Arctic sea ice loss is in part a result of natural environmental causes, according to a new analysis published in the journal Natural Climate Change.
In collaboration with other universities, researchers from UCSB studied circulation over Greenland and the Arctic Ocean and discovered natural decadal cycles for Arctic sea ice melting.
The report says that about 30 to 50 percent of Arctic ice melting is due to natural environmental cycles.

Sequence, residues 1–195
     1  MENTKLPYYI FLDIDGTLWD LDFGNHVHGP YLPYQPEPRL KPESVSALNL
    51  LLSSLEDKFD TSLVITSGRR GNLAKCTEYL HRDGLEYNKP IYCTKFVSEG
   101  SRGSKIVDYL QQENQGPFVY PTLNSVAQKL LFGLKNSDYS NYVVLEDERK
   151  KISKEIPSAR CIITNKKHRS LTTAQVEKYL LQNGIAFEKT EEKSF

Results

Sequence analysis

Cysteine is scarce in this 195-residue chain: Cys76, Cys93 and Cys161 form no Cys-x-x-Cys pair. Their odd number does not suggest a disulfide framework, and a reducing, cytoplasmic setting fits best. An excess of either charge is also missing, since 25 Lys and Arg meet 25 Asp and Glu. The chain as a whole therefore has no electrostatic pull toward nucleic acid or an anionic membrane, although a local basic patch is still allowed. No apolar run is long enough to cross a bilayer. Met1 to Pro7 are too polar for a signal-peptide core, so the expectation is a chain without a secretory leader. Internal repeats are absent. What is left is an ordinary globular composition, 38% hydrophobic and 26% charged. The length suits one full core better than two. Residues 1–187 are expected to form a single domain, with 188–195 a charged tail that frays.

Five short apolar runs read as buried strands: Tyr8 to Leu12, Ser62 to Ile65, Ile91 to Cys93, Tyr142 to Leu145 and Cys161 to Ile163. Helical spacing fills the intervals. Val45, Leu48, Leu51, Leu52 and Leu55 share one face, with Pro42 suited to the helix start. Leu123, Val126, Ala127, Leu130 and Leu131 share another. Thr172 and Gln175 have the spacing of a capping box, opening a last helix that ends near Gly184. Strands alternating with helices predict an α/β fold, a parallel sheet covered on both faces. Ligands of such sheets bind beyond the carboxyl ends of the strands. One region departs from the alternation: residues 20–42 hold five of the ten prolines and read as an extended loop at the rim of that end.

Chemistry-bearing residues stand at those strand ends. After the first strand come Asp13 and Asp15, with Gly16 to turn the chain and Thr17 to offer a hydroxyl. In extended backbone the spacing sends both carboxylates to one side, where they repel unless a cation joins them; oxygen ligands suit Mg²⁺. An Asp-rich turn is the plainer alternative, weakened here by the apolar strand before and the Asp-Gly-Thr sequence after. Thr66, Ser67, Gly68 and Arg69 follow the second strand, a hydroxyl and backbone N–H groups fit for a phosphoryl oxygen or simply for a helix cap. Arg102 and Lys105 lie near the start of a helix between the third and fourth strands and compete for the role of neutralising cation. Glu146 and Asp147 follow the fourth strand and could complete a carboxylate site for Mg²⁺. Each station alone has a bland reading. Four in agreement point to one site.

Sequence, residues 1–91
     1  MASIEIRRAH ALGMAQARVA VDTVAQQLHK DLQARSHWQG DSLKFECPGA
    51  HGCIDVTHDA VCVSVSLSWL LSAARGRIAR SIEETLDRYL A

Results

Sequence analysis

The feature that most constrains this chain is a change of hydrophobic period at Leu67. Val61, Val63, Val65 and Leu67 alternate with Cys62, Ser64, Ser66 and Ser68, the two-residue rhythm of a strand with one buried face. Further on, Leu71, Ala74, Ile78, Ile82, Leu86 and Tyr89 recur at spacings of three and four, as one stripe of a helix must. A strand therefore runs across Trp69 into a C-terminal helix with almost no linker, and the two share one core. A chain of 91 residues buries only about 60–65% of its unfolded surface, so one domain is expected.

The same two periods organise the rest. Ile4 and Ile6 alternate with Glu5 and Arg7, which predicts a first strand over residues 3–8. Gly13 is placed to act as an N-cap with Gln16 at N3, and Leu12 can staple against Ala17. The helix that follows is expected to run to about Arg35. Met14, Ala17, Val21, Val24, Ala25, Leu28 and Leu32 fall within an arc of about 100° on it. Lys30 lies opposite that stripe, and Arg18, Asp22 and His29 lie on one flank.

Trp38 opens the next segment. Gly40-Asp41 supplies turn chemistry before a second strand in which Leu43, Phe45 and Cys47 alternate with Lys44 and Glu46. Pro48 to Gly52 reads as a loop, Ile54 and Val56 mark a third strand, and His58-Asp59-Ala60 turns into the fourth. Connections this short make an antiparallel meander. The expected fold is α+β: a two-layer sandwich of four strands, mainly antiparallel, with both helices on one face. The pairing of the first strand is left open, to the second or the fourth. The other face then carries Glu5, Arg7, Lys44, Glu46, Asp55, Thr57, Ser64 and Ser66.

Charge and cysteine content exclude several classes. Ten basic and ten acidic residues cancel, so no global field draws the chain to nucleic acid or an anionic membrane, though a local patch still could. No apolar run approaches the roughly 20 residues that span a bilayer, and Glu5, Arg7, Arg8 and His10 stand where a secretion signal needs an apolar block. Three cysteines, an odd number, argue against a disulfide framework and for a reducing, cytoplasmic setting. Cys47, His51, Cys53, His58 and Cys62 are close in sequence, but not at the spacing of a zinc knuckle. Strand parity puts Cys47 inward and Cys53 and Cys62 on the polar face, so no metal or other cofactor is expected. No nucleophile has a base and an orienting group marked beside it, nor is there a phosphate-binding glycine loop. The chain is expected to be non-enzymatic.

The rest of the ice melting is, without a doubt, human-caused, the report noted.
Up until now, it has been difficult for scientists and researchers to pinpoint exactly how much was natural or human-caused.
NPR reported that “the authors [of the study] also note that the increase in greenhouse gases in the atmosphere could influence this natural variation in circulation.” Humans therefore might continue to be the primary cause of Arctic sea ice loss.
Read full story at: NPR